• Catherine Castro (Guam Chamber of Commerce): Recommended that public consumption of cannabis be prohibited in Tumon and in hotel-zoned areas, and at bars, restaurants and rooms rented to guests. Said cannabis advertising should be prohibited in Tumon and that a separate cannabis district be developed away from tourism businesses.
  • Daniel Franquez, Barrigada: Concerned cannabis might be illegally used and abused by children. Concerned that edible cannabis products, which are more concentrated, likely will be packaged to appeal to children.
  • David Wiita: All cannabis products with THC levels of 0.3% or more should be grown and manufactured on Guam to prevent the industry from “getting overwhelmed by large amounts of inexpensive products being imported from the mainland. U.S.” All cannabis products, including edibles, should be manufactured using cannabis grown on Guam. Multiple licenses should be prohibited and cultivators should be allowed to use synthetic fertilizers. Cannabis delivery services should be allowed.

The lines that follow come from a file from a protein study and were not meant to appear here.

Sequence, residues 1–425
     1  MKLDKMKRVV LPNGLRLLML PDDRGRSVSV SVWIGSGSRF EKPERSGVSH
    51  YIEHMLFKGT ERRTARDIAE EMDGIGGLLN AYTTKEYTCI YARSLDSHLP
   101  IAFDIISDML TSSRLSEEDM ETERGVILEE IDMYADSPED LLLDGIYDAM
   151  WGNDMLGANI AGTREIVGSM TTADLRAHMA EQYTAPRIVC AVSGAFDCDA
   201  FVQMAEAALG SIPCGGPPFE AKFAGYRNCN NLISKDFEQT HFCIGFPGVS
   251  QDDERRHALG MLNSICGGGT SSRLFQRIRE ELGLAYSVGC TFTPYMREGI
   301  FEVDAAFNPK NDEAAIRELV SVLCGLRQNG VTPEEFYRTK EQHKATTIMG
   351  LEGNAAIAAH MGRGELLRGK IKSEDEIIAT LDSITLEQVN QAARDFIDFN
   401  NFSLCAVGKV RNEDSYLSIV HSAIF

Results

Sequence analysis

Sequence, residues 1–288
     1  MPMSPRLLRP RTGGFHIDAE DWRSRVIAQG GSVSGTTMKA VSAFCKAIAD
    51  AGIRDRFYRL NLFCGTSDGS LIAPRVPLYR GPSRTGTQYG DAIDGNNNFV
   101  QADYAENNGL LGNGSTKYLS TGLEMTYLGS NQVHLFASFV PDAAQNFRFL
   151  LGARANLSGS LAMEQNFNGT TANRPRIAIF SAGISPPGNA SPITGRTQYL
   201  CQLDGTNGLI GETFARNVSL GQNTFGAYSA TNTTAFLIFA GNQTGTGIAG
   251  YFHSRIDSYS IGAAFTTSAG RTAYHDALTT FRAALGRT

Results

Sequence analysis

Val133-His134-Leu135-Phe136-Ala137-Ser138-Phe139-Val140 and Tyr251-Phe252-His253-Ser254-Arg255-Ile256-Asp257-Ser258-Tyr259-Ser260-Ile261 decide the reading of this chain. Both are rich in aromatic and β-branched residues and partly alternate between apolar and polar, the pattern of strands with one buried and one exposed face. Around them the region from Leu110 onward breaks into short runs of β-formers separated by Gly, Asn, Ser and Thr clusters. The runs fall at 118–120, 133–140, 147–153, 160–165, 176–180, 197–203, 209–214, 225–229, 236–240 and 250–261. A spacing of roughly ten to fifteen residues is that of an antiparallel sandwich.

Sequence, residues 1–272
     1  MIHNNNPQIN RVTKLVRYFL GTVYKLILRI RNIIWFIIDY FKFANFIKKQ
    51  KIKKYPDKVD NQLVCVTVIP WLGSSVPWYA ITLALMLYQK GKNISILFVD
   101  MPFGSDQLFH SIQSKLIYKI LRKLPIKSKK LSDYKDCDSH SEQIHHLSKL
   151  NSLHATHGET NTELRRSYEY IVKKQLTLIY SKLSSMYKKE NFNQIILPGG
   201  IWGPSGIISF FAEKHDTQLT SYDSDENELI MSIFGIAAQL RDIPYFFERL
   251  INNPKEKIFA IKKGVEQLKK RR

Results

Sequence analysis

• Donovan Brooks: More residents have started to grow their own cannabis and are unlikely to buy it commercially. Fees should be low and can be increased if the industry is thriving. A seed-to-sale tracking system is pointless and unnecessary and is intended for states with millions of residents, not Guam. Laboratory testing of cannabis flower also is unnecessary. The rules and regulations should be consistent with the fact that cannabis now is legal. “Cannabis should be treated like milk, or beer. I’m kidding, but I’m not joking.”
  • George Chiu (Chinese Chamber of Commerce): Opposes allowing cannabis smoking in public places. Smoking cannabis should not be allowed in hotel rooms. Cannabis should not be sold in Tumon or marketed to tourists.
  • Satoru Murata (Japan Guam Travel Association): No smoking cannabis in public or in hotel rooms. No marijuana in Tumon, and it should not be advertised to tourists. It is important to separate cannabis from students on field trips and family travelers with children.
  • Hugh Giordano, UFCW Local 480: Suggested Guam adopt specific rules to protect cannabis industry workers.
  • James Martinez (Guam Contractors Association): Opposes smoking cannabis in public places, selling it to tourists or advertising it to bring tourists here.